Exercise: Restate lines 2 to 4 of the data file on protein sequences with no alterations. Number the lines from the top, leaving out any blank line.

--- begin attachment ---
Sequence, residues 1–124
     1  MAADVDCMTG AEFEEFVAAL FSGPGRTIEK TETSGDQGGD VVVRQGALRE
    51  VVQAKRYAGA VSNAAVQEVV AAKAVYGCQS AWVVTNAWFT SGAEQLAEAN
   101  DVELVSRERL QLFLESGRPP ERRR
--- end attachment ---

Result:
     1  MAADVDCMTG AEFEEFVAAL FSGPGRTIEK TETSGDQGGD VVVRQGALRE
    51  VVQAKRYAGA VSNAAVQEVV AAKAVYGCQS AWVVTNAWFT SGAEQLAEAN
   101  DVELVSRERL QLFLESGRPP ERRR